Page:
Traverse Publishes First-in-Human Porcine ECM Study Results

MHIF is proud to have been the leading enroller and clinical site in the first-in-human, FDA-approved Phase 1 clinical trial of an injectable hydrogel that was evaluated for safety and feasibility in repairing damage and restoring cardiac function in heart failure patients who previously suffered a heart attack, sponsored by Ventrix, Inc. (San Diego, CA).

The trial is the first-of-its-kind to test this novel hydrogel derived from pig hearts designed to repair cardiac tissue. It is also the first hydrogel made from the natural scaffolding of cardiac muscle tissue, also known as extracellular matrix, or ECM. This is significant because ECM hydrogels have been shown in preclinical studies to potentially be effective for other conditions, such as poor blood circulation due to peripheral artery disease.  The trial showed that the hydrogel, known as VentriGel, can be safely injected via catheter into patients who had suffered a heart attack in the past 3 years. VentriGel, invented by Dr. Karen Christman at University of California San Diego, is made from porcine cardiac connective tissue.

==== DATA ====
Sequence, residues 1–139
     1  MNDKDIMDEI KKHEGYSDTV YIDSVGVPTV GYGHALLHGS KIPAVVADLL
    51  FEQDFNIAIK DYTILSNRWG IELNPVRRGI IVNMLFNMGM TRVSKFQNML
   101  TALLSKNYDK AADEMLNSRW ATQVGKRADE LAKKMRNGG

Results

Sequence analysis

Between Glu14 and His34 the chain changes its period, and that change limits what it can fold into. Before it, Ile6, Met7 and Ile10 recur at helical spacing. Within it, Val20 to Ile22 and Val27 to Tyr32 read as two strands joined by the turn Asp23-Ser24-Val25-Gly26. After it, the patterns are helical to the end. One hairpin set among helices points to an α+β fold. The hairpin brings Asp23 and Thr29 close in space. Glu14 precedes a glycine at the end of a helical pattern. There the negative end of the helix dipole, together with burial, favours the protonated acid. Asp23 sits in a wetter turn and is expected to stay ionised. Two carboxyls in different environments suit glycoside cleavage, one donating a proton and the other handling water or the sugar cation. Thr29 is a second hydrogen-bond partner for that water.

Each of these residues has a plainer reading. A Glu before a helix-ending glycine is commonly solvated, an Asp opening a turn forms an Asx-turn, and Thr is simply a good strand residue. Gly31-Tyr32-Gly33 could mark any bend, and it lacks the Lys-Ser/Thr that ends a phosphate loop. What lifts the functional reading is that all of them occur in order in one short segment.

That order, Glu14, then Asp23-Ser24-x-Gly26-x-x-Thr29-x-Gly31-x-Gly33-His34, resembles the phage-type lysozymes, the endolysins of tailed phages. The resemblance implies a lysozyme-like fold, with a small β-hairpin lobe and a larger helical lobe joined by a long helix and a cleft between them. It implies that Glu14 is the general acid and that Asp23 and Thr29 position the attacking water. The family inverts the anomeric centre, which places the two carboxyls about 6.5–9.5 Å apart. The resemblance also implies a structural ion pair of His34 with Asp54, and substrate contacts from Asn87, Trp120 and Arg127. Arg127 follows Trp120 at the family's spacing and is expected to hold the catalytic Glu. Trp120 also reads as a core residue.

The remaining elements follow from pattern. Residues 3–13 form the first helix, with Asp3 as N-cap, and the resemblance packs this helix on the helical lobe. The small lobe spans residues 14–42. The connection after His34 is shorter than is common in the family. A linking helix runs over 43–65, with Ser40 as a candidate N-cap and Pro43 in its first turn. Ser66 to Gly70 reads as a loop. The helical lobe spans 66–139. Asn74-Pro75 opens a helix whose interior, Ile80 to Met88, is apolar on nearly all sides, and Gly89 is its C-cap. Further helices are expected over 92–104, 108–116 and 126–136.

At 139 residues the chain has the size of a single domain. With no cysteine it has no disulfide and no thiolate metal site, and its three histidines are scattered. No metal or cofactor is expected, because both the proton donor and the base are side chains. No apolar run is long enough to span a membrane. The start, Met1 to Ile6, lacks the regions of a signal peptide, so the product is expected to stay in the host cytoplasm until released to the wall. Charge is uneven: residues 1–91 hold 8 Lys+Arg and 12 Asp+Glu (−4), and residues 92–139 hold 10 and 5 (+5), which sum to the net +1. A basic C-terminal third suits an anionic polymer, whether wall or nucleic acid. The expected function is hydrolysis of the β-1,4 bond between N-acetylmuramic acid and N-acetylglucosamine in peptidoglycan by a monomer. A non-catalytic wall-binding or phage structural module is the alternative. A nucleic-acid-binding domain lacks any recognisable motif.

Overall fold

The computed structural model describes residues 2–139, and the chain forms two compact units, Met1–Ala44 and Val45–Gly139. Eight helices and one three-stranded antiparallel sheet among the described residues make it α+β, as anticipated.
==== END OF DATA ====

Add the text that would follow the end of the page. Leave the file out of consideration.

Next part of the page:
“We have learned that your heart requires an intact ECM to act as a scaffold to support cardiac muscle cells and blood vessels. Following a heart attack the ECM is destroyed along with the cardiac muscle cells. Implanting the ECM back in the heart will potentially allow for new cardiac muscle and blood vessel growth,” said Jay Traverse, MD, cardiologist at Minneapolis Heart Institute® and Director of Research at Minneapolis Heart Institute Foundation who was the lead investigator in the trial. “Importantly, the porcine-derived ECM was safe with no sign of it being rejected by the patient’s hearts

MHIF enrolled one-third of the total patients of the study. Dr. Traverse is also the lead author of the published findings from the study in the September 11 issue of the Journal of the American College of Cardiology.

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Alison Stinar